The Aryan Myth: Ideological Backgrounds of the Third Reich
The crisis of the Third Reich was not as radical
a distortion of the German state as it might first appear. The intense
racism, anti-Semitism, and genocidal action that characterizes Hitlers
rule had been building up among the German people for decades. The
acceptance of the German public of Hitler and his government was not
irrational, and is not unexplainable. The Third Reich was a culmination
of centuries of German history.
Since the early 19th century a philosophy of culture with uniquely
German intensity known as the Volk has existed. The German word Volk
means more than its literal translation of people. Volk means the
culture, soul, heritage, and value of a race. In Germany, foreign
occupation and wars of liberation coincided with the wave of Romanticism.
Volkish thought was a product of the Romantic movement. Both Romanticism
and the belief in the Volk showed tendencies toward the irrational
and emotional. Their focus was on Man and the world.
The demands of an increasingly industrial
society, with its new opportunities and restrictions, tended to strengthen
the individuals feeling of isolation (Mosse 13). Germany
was becoming modern and industrial. As people began to feel alone
in their own culture, they began to desire membership of something
larger than themselves. Joining the Volk was a way to intellectually
rebel against this new, modern world. The Volk was an intermediary
between the extremes of individuality and the quest for cosmic identity
(Mosse 15). A large part of the concept of the Volk involved not only
a belonging with other men, but with nature.
Volkism was a Bourgeoisie concept, and its followers
idealized the countryside and rural areas. Through the Volk, a man
was linked to the nature of the landscape he was rooted in. He did
not share his connection with all nature, but only the natural aspects
of his homeland. The features of this land justified the value of
his soul. The German forest is dark, rich, dense, and mystic. Man
was seen not as a vanquisher of nature . . . he was glorified as living
in accordance with nature, at one with its mystical forces (Mosse
The Volk justified the individual through belonging.
Bonds to the soil made a man genuine. As well as the German
landscape, German history was emphasized as a major part of the Volk.
There was a certain nostalgia for medieval times, seen by Germans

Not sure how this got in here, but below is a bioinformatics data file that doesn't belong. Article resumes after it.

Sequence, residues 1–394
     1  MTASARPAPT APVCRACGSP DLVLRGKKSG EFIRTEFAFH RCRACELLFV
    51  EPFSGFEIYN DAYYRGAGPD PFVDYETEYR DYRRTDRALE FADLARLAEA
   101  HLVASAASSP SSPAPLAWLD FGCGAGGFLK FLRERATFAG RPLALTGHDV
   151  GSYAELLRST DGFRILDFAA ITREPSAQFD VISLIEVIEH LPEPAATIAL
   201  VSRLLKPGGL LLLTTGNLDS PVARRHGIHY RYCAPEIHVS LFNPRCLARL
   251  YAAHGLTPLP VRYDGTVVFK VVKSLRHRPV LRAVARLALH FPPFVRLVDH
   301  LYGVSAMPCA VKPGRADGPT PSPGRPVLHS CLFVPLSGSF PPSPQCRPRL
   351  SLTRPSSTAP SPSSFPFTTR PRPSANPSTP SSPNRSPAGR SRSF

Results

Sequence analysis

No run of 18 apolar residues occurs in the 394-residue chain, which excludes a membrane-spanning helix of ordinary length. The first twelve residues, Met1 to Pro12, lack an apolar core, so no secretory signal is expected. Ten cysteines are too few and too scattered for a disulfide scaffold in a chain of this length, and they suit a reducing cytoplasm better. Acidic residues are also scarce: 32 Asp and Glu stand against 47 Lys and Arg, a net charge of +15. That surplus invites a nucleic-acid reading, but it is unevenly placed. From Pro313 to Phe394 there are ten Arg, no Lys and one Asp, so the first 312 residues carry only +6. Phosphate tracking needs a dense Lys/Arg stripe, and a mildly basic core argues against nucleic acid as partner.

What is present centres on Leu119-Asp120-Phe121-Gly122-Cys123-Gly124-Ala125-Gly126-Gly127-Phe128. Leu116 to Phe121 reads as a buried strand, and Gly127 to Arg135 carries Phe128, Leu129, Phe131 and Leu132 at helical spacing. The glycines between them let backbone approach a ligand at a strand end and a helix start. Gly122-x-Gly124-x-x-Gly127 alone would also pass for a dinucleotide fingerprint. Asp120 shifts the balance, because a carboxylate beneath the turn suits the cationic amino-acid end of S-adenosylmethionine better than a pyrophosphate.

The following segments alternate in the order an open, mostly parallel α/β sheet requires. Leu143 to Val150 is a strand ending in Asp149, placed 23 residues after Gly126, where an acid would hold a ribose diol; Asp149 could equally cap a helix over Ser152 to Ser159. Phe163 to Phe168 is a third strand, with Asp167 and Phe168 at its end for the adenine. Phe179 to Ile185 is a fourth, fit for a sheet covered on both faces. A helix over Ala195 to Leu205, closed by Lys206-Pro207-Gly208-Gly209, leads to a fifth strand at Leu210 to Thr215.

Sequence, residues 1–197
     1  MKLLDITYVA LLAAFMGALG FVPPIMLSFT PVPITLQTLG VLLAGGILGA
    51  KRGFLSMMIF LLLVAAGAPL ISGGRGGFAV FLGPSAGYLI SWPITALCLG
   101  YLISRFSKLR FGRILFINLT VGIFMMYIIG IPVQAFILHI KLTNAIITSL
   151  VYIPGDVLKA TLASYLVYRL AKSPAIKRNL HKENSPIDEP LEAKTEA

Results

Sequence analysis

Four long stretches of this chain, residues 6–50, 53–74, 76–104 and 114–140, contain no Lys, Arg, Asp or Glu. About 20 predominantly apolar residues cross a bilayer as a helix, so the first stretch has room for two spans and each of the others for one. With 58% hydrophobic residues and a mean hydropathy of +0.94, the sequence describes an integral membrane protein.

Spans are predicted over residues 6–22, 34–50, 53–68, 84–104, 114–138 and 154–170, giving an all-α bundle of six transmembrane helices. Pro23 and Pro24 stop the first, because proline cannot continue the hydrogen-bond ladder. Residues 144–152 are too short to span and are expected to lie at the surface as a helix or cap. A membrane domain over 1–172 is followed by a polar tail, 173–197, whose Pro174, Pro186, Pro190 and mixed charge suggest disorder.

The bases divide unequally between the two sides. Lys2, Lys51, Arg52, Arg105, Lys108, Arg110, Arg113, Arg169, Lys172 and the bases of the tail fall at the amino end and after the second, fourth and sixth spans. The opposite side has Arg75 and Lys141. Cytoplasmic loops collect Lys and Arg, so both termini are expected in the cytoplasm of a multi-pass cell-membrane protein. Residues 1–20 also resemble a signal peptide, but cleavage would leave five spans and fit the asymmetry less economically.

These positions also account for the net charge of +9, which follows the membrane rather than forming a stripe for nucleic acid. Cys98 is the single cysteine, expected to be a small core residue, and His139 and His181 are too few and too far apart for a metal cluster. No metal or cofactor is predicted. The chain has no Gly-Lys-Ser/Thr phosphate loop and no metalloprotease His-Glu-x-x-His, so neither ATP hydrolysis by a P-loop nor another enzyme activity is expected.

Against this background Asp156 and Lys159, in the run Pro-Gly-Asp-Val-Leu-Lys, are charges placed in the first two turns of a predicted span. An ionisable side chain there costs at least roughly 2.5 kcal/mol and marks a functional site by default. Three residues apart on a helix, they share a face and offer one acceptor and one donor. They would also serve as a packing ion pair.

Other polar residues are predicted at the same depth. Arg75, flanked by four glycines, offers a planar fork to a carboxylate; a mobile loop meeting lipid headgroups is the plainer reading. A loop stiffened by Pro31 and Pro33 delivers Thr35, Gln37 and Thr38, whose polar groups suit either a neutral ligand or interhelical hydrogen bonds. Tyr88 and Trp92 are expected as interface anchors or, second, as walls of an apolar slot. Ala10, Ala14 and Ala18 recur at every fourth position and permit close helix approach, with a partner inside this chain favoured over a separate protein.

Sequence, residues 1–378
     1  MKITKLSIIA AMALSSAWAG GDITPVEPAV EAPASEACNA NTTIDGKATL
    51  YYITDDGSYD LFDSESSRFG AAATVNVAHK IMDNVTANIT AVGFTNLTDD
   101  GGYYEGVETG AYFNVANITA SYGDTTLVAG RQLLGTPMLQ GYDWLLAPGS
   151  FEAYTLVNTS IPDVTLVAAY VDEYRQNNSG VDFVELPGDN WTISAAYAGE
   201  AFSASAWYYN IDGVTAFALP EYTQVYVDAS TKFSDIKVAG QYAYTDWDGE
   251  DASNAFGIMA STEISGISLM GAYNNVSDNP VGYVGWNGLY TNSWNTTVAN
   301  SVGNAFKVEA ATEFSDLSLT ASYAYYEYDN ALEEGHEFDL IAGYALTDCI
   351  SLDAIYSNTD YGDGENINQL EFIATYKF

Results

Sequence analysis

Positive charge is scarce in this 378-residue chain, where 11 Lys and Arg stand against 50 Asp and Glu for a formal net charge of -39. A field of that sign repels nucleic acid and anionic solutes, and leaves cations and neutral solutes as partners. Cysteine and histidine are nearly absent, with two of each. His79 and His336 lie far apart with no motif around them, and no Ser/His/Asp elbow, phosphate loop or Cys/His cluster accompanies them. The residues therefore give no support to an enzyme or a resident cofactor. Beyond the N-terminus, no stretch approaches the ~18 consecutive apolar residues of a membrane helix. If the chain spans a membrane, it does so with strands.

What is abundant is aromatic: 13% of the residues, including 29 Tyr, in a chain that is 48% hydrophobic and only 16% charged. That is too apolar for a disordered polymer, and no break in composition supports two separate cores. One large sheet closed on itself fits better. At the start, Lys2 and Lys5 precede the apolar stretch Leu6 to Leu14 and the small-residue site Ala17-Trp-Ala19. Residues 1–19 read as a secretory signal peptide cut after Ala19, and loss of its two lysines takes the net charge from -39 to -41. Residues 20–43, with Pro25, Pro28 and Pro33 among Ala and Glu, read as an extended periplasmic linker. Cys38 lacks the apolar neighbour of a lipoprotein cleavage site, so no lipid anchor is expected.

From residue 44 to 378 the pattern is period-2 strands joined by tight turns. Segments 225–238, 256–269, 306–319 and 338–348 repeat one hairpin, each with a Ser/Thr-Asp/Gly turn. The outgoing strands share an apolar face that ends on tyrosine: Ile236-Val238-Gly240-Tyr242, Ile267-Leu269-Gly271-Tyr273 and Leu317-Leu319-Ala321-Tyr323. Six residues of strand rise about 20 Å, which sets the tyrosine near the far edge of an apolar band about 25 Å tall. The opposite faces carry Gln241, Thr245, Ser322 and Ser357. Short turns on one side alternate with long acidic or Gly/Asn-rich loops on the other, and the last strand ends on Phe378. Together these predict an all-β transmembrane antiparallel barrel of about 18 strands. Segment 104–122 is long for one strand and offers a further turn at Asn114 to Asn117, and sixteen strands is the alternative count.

as an age of innocence and wisdom. This medieval and rural utopia
symbolized the intrinsic unity of people and landscapes (Mosse
20). Germans tied ancient pagan mythology and Christianity in their
belief in the Volk. Their idealization of the past was not unusual.
The urge to claim your culture is high-born and of glorious ancestry
is universal among human groups (Poliakov 2). But theirs was a powerful
combination of history, land, and ultimately race.
From Volkism to Racism
Glorifying your peoples land and history is a small step away
from believing your race is superior. The Volk amplified Romanticism
as an alternative to modernity (Mosse 17). The Jew in Germany would
come to represent all things modern.
The original Volkish thinkers were, like the Romantics,
abstract and idealistic. They were not applying their ideas to actual
problems in German society. Each race has its own landscape. The Volk
only identified with people of their same German soil. Those not of
that soil were not Volk. The Jews especially were seen as coming from
nowhere. They were foreigners with no connection to the land they
inhabited. As aliens, they were detrimental to the Volk. Their foreign
ideas should thus be excluded to protect the purity of the Volk. Through
Hitler and Nietzsche as well as many other theorists of the time, the
German intelligentsia were convinced that foreigners were subhuman,
and could be righteously exterminated. No longer just an ideal, the
Volk became a goal.
Emancipation of the Jews coincided with the industrialization
of Germany (1869 - 1871). The first crises of the German economy coincided
with the first wave of anti-Semitism. Germans felt that Liberalism,
Socialism, and Communism were the products of modernization by the
Jews (Burleigh 36). In the 19th century the role of a Jew was a city
dweller and moneylender. (Jews had not been allowed to own land under
old laws; Christians were not allowed to lend money under religious
dictates.) A Jew would lend money to a peasant to support him after
a bad harvest. If the peasant could not pay him back, the Jew was
forced to foreclose on him and take his land. The Jew then becomes
the usurper of the very land the Volkish thought held so dearly -
defining him as an enemy of the Volk.
Among the thinkers of the late 19th century were scientists that advocated
racial cleansing. They were influenced by the superiority Volkism
gave to the Germans as well as the pseudoscience that evolved during
According to their Christian beliefs, all men were
descended from Adam. But many races existed that could not be explained
by the Bible. Many debates raged about the origins of mankind and
the superiority of certain races. The doctrine of the unity
of the human race . . . was directly attacked by a number of leading
philosophers of the Enlightenment (Poliakov 327). From Darwin
and Tacitus evolved the philosophies of men like Wagner, Gobineau,
Nietzsche and Chamberlain. None of the latter four mens ideas
can be supported by science. But others, like Haeckel and Schallmeyer,
claimed there racial hygiene plans were plausible and scientific.
These men and their philosophies furthered the German ideal of a world
without Jews and other people deemed detrimental to the Aryan
Aryan is a Sanskrit word that literally means the
Persians who settled in Iran and northwest India (Poliakov v). To
racial thinkers, however, this word came to mean a people who were
not of Jewish origin and usually blond haired or blue eyed.
One might describe these myths [of racial
science] as compromises between pagan memories, dynastic ambitions
and teachings of the Church (Poliakov 326). As Adolph Hitler,